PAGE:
December 15, 2019 at 9:52 pm #102802Esmeralda Gramilton@esmeralda-gramilton
Hey, I love creating hundreds of characters per story and using them to incorporate the fact that other people’s lives are going on even when we only know what’s happening to the main characters.
So, how do we differentiate? Which of my characters would easily be seen as main or side?
for instance, I have two main organizations, the Protectors and the Omega Team. There are fifteen Protectors in the beginning, and they do training and stuff together throughout the first book. Are they all main characters, or are main characters usually only the POV characters?
I’m not sure there’s a really, truly right answer, but I’d love some thoughts and opinions.
“No-one can judge your worth; They can only influence the judgement of your worth.” ~ElyssoDecember 16, 2019 at 9:06 am #102808valtmy@valtmy
This is a very relatable problem. 😛
I think main characters are the ones that are central to the plot and the most fleshed out by the events of the story. Supporting characters may have complex motivations and personalities, but these are usually developed in relation to the main characters. While supporting characters appear frequently, they probably won’t have any big roles outside of interacting with the main characters. So even though it’s good to think about these characters’ lives outside the main characters, when it comes to actually writing the story, these ‘outside’ parts should probably be covered briefly.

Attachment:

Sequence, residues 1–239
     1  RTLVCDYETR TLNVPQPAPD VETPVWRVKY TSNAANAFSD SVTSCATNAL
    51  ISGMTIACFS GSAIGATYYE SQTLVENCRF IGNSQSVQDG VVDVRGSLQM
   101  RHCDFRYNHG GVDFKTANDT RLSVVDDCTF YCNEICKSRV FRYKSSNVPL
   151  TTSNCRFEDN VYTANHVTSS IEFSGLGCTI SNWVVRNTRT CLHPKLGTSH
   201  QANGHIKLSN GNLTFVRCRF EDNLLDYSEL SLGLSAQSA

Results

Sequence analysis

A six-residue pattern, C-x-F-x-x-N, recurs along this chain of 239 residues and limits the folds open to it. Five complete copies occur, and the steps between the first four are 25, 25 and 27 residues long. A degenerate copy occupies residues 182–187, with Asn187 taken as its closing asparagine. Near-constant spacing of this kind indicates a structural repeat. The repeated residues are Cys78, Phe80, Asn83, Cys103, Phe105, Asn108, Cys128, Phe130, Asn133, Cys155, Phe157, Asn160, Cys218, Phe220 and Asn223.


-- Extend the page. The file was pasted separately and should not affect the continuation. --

For me, one way to try to figure this out is to think about the climax of your book. Who are those that actually have any business being involved in that? Now strip away all the ‘smaller’ obstacles and the associated characters who are only there to help/hinder things along. Those that remain should be your main characters (unless they have already died before that).
Since you have a series, you can probably have different characters be the main characters in each book by planning around their character development based on the relevance of the events that occur. So perhaps the main character of your first book can become a supporting character in your second book if their development is mostly done and the focus can be given to the others.December 16, 2019 at 2:31 pm #102817Esmeralda Gramilton@esmeralda-gramilton
That’s great advice, thanks so much!!
“No-one can judge your worth; They can only influence the judgement of your worth.” ~ElyssoDecember 17, 2019 at 11:55 pm #102855Josiah DeGraaf@josiah
I largely second @valtmy. My gut is that you often don’t have more than, say, 6-7 truly main characters over the course of a novel. Unless it’s super-long or a part of a series, you simply don’t have time to flesh all of them out. The main dividing line I’d give is that main characters are complex and three-dimensional and that side characters are simple (in what we see of them) and two-dimensional. There’s always going to be grey characters that straddle the line, but that along with valtmy’s rubric would be the basic standards I’d fall back on here.
Lit fanatic. Eclectic reader. Theology nerd. Writing fantasy at https://josiahdegraaf.com
You must be logged in to reply to this topic.